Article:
I always have to look up tabebuia online — the pink ones blossom like crepe-paper pomanders in winter

The important approach on this page was to:

  • follow each high-level answer down through several levels (what types of stress, and which physical parts, and what’s causing that…)
  • highlight key elements as I went (otherwise these pages are unintelligible when I revisit them.

The most useful question to ask for this type of page turned out to be: has [the problem] ever worked out okay, and why/how. In this case, the tricks for getting me to package and post things effectively/at all have been:

  • Clearing space
  • Dedicating time
  • Recruiting a second pair of hands (or passing it over to someone else entirely — there are people out there who apparently LOVE and are GOOD AT putting rectangles into other rectangles, and I need you all to know you are important and valued)
  • Having a tested technique AND checking if there are better approaches out there
  • Information/checklists

Two days later I started to investigate something else I was avoiding, but when I put down the key questions I thought they were (a) self-answering and (b) funnier left unanswered.

The moral of the story is: stress can be repurposed for entertainment. And sometimes laughing at myself is what is needed to get a project moving.

“could she in fact be doing the thing right now instead of writing this?”

UPDATE: I addressed these points further — and completed the template page! — on this post: Things that might make her do the thing.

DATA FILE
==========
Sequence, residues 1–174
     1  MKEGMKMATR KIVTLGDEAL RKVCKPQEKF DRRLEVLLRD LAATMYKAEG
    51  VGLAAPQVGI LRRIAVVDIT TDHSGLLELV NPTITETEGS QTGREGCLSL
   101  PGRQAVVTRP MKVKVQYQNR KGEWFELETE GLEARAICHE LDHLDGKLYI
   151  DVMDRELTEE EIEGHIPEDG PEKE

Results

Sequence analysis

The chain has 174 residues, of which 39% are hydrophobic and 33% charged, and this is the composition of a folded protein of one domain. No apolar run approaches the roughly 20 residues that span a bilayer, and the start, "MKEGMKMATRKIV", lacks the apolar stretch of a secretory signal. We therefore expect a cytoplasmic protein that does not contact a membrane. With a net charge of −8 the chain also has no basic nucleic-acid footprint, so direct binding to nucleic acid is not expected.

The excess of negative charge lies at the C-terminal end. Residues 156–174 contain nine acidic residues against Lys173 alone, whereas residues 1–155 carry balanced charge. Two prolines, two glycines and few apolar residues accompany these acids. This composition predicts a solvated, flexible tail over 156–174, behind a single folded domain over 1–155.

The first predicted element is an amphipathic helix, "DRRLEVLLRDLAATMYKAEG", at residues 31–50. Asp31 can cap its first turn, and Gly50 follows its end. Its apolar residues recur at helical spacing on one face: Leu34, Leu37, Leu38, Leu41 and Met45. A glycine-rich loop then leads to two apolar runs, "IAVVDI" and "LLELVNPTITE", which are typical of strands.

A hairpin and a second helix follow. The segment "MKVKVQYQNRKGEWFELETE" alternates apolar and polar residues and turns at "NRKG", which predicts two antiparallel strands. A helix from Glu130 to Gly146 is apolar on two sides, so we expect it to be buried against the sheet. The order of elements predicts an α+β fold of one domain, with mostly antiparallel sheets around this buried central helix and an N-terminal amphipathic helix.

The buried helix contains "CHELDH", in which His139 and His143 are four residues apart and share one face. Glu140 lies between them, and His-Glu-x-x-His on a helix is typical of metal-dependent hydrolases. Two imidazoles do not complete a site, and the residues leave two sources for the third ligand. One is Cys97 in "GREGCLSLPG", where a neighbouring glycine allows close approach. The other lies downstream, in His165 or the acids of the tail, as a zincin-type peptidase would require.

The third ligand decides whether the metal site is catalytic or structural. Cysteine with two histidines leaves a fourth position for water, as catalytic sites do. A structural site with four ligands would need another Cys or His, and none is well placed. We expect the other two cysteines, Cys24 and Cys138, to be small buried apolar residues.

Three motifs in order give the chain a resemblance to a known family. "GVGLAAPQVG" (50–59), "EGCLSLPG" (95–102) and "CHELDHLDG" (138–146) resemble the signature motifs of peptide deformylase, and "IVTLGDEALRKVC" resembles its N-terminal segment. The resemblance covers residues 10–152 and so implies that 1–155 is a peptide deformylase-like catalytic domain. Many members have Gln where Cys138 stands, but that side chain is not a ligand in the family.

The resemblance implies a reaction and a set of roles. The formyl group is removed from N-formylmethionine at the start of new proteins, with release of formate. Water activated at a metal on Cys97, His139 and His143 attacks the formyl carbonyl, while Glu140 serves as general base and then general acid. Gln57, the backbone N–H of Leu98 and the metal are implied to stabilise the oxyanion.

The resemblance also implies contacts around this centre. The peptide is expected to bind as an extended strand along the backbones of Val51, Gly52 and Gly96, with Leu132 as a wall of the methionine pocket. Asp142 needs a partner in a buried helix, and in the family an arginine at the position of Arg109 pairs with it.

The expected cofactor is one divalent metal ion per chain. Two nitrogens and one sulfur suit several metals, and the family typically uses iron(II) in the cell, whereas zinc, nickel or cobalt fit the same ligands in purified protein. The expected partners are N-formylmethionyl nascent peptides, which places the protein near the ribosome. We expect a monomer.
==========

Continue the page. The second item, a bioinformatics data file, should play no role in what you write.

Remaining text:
Observation Journal — time vs floors and ceilings

It’s all a bit Alice-in-Wonderland

As well as an excuse to draw Alice in Wonderland (see previously), this page of the observation journal was an opportunity to think about me vs time. Specifically, it’s a musing on the pleasant and horrible aspects of treating a deadline as a ceiling vs the present as a floor.

The well-known meteorological classifications “high little many clouds, & lower puffy ones”

I have always been a deadline-motivated person, as well as very good at procrastinating (I don’t know which is the cause and which the effect). But some combination of 2020 and too many deadlines were breaking that system. The really useful aspects of deadlines (motivation, eventually, and productive procrastination) were suffering.

Changing my approach and treating now as a place to begin seemed promising. But it’s a skill I only learned very recently (at the beginning of my MPhil, in fact) and it is not yet innate.

Time vs me is, I suspect, an ongoing process rather than a work in progress. And these approaches are less in opposition than part of a continuum. A setting I need to constantly, consciously slide and adjust according to circumstances — ideally before but certainly when (as recently) cracks open and things fall into them. (Apologies.)

Potplant vs ceiling

Some previous Alice, also available on Redbubble and Spoonflower.